While the calendar ends and starts, our companies should be on a continuous path. I’m a big proponent of setting benchmarks and measuring outcomes for 30-day periods. I am also strongly committed to making changes when they need to be made, and not waiting until the calendar gives us permission. You make changes when the business demands them.
Start, Stop, Continue
I recommend asking three questions every day:
- What should we start?
- What should we stop?
- What should we continue?
You need to start new efforts when the business requires it, no matter where in the calendar you happen to be. Why? Because it is required. If your company requires a boost in revenue, waiting until the calendar turns costs you money. Why lose weeks or months of sales because of the date of the year?
Starting something new when the business requires it usually gives you a burst of energy. Do you have an idea for a great new marketing effort? A new product or service you know your buyers will love? A new position to fill or a terrific employee who is deserving of a promotion? Capitalize on the excitement and energy these initiatives naturally generate and start them NOW.
Your customers and clients aren’t thinking about your calendar. They are always thinking about themselves. What they need, want and desire. Give them your best new offering as soon as possible.
The opposite of start now is stop now. I’ve been delighted when a business owner we’re working with just decides to stop undercharging, even if it happens to be in the middle of a month or a quarter. Continuing to undercharge costs money.
Providing the product or services takes up valuable space in your mind and the minds of your buyers. It perpetuates a message that is unhelpful to your company’s reputation. Undercharging is one of the most destructive things a business owner can keep doing, so when you identify these products or services, just decide to STOP.
Other things you may want to stop right now include: 24/7 availability. Unless you are the provider of services required in an emergency, you will increase the respect your buyers have for your company by establishing and sticking to a schedule of hours.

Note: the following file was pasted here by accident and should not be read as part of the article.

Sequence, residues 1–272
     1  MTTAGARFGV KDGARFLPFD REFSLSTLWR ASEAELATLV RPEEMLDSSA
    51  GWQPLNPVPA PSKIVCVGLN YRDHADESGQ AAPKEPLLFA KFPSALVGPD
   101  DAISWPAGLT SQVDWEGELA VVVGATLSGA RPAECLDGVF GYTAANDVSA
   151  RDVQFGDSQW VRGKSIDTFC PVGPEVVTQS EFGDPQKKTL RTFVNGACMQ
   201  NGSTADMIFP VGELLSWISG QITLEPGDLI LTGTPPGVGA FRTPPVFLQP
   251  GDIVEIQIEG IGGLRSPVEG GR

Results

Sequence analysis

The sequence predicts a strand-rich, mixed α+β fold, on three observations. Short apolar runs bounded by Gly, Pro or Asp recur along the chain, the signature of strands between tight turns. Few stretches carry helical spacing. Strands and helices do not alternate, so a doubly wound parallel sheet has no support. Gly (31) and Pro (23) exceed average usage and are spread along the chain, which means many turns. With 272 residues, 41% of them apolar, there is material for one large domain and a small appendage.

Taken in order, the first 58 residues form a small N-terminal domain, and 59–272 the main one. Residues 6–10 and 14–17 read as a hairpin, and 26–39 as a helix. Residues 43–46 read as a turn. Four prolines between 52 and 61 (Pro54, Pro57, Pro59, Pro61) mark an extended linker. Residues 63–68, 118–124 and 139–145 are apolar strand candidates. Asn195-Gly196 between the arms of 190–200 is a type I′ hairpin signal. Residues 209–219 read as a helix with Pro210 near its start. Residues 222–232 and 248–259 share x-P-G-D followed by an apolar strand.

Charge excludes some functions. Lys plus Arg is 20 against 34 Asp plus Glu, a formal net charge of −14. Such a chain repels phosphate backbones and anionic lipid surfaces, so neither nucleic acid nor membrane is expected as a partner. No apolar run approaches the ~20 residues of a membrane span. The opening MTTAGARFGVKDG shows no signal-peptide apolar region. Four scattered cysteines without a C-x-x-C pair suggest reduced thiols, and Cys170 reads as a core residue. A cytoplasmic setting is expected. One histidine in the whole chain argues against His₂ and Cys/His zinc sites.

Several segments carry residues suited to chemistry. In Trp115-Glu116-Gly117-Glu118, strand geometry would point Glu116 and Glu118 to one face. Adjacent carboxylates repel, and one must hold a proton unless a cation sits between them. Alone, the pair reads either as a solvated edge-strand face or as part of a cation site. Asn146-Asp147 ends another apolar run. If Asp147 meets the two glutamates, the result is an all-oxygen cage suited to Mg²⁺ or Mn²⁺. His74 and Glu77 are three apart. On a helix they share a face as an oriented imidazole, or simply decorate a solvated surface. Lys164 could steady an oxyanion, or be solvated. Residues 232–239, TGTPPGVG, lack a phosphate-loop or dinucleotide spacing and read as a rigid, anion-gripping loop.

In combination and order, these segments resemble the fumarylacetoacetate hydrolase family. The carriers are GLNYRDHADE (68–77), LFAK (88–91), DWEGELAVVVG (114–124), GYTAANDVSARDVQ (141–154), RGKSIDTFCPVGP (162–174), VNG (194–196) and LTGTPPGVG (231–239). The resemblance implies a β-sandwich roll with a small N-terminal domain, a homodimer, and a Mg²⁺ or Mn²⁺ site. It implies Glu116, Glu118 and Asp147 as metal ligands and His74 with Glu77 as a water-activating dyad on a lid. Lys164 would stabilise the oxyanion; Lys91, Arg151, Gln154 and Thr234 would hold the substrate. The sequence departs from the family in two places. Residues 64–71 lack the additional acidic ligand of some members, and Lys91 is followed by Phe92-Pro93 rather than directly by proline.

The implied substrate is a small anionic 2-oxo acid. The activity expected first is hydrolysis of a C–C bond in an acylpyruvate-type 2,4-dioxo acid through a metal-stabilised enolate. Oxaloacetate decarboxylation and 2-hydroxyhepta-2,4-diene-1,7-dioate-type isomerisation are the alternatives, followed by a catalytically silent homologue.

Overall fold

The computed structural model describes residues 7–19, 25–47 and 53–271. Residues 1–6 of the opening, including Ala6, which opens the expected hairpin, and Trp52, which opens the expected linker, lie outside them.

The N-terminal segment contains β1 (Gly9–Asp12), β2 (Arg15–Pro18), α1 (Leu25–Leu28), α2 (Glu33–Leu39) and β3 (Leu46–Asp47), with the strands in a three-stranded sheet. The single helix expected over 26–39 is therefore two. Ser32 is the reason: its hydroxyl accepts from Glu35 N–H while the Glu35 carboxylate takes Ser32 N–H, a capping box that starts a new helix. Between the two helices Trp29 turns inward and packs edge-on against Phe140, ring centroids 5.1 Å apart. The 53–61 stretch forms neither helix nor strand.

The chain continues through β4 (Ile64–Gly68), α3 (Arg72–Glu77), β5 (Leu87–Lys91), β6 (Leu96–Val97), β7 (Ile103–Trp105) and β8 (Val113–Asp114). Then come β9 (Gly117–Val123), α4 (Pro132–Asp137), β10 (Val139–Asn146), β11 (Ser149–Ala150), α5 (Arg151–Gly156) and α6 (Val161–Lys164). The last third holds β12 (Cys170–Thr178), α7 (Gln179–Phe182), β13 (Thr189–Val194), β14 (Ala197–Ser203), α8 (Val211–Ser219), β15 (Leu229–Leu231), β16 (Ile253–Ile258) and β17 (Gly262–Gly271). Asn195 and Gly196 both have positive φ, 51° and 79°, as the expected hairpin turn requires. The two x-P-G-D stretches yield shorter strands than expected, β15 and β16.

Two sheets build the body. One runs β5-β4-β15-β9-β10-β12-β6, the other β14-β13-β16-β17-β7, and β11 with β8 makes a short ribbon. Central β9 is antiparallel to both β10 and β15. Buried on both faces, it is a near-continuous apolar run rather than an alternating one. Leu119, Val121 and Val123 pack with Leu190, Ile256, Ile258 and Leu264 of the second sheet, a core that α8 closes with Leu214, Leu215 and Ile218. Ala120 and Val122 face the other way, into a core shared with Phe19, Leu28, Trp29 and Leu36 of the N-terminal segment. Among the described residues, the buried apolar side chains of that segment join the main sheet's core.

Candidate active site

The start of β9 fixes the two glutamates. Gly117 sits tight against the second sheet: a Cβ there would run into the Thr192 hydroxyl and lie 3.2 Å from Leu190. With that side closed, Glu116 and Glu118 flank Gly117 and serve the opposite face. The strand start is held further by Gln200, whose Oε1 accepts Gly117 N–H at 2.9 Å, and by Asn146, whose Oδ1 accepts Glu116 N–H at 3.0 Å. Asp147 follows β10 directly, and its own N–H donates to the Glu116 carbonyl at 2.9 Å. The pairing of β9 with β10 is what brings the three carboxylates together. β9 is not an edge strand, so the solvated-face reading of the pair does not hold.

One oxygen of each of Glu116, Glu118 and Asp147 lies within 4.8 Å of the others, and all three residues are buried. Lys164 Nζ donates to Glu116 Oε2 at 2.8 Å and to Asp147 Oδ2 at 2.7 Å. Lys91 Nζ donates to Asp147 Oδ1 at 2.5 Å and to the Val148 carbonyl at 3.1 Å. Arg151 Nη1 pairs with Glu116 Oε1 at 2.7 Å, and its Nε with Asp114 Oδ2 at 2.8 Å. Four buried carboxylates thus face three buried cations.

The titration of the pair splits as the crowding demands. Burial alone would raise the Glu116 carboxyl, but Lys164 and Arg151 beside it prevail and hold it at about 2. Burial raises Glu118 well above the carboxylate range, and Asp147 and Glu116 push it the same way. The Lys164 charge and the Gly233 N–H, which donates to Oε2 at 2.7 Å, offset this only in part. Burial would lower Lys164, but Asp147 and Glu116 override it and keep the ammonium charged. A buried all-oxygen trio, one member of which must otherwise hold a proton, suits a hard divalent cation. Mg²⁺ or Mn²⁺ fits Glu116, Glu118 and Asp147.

You could stop demanding packing every single day will billable hours. (If you charge for value, not hours, this would not be an issue.) Your employees need time to think, to reflect and to regroup. Every productivity study concludes that when thinking time is built into every day, people become more productive in the remaining time. This is as much a culture issue as a revenue issue. Stop demanding quantity over quality.
Stop feeling the need to respond to every shiny object you hear about. Trivers Consulting Group encourages our clients to “Think INSIDE the Box,” which means to leverage and build on your current buyers, your current offerings and your current employees. Stop looking for next big thing out there and make more time for the wonderful people who already are within your company’s orbit.
Many of your activities are working well for you and you should continue them. We never look to eliminate or replace what’s working. The key is to know for sure what is working. Ask several questions as you review your company:
Profit: How much is each of our products or services contributing to revenue AND profit? Continue offering the high profit ones and stop offering the lowest contributors.
Marketing: What is the measurable value of each of our marketing efforts? Continue doing the high performing ones and stop the rest.
Customer Service: Which of your service efforts are the most appreciated by your desirable buyers? There are a couple of layers here: the quality of your buyers; the cost of the service; and the relationship between the service and future purchases. Continue with the customer service that most benefits the company and stop the rest.
Buyers: not all buyers are the same. Continue cultivating and nurturing buyers who most support your company. You cannot do enough to keep them close. To do this effectively, you’ll need to have great information about your buyers. If you’re doing that, continue doing it.
When to Start, Stop or Continue?
Setting quantitative goals helps you know what to start, what to stop, and what to continue. You have to be conscientious and consistent in measuring activities and performances in order for those quantitative goals to give you meaningful information.
You should be measuring in small periods of time. We recommend 30-day periods. On the 30th day, ask these questions: what should we stop, what should we start and what should we continue?
Get into this habit and then you’ll find it easy to answer these questions based on your actual results not on the calendar.
The only perfect time to start, stop or continue is the time that works best for your company. When you want to increase company value and owner wealth, every day is the right day to make that happen.
We’ve packed a lot into this article. We urge you to choose one idea and go with it. If you’re not sure where to start, or if you think you could benefit from some help, give us a call. 703-801-0345.